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I really loved "How We Named the Stars" and look forward to recommending it. This beautiful coming-of-age story quickly drew me in since Daniel and Sam are such engaging, relatable characters. Daniel's friends, Sam's mother and Daniel's abuelo were also wonderful characters. The book is very funny at times. I also loved the influence of queer elders in the book. I like how Ithaca was also like a character in the story. I could see that Andrés Ordorica is a poet because of his beautiful descriptions of birds and the landscape.

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Daniel moves across the country to attend college. He’s sensitive and overthinks things, but builds a connection with his roommate Sam. Their friendship becomes something more as Daniel explores his sexuality and his place on campus. Daniel is eager, but Sam is hesitant. After freshman year ends, Daniel decides to spend the summer in Mexico with his grandfather to find space from his feelings and learn more about his late uncle and namesake. When Daniel’s life changes forever, and he must come to terms with tragedy, he discovers his uncle’s story is tied to his more closely than he realized.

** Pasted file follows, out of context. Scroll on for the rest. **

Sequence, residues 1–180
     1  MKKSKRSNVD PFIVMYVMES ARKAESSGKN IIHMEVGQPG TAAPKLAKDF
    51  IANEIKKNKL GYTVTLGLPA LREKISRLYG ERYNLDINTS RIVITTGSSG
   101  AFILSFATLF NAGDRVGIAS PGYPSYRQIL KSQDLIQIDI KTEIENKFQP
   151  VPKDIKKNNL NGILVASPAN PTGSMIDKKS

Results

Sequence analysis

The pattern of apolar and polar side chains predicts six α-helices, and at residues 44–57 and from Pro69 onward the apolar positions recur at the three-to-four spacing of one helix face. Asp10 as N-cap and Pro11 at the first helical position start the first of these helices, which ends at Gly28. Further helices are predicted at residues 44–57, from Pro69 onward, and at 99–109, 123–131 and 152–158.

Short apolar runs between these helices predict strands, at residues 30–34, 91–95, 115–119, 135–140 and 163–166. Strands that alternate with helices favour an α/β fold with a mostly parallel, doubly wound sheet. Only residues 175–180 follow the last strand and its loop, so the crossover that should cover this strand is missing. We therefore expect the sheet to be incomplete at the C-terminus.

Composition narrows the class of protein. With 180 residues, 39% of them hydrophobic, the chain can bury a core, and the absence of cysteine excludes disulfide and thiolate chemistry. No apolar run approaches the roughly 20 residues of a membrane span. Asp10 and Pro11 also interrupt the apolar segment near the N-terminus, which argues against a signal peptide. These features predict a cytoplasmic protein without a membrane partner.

I received this book as an ARC from NetGalley and Tin House, but all opinions are my own.

This is such an absolutely beautiful story. It is a queer coming of age story, and a love story but not a romance. It’s angsty, but my inner elder sad girl loved that about this book. I loved seeing Daniel become Daniel, even when he was messy and unsure, and especially when he was messy and bold. If you feel like this is giving “Ander and Santi Were Here,” I agree!

This book takes the perspective of Daniel’s journal reflecting on the past year. For that reason, there was quite a bit of telling vs. showing. Some dialogue seemed… not quite how people talk, which also took me out of the story at times. Still, I really really enjoyed this one and I’m grateful for a wonderful experience with my first ARC!


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Lovely, heartwrenching, and ultimately uplifting novel. I found the scenes with Daniel & Sam, and Daniel & his abuelo, to be particularly moving. It took me a little to get used to the rhythm but once I fell into it, I just loved the way it was written. Overall I enjoyed the novel more on second read, because I better understood the uncle’s narrative.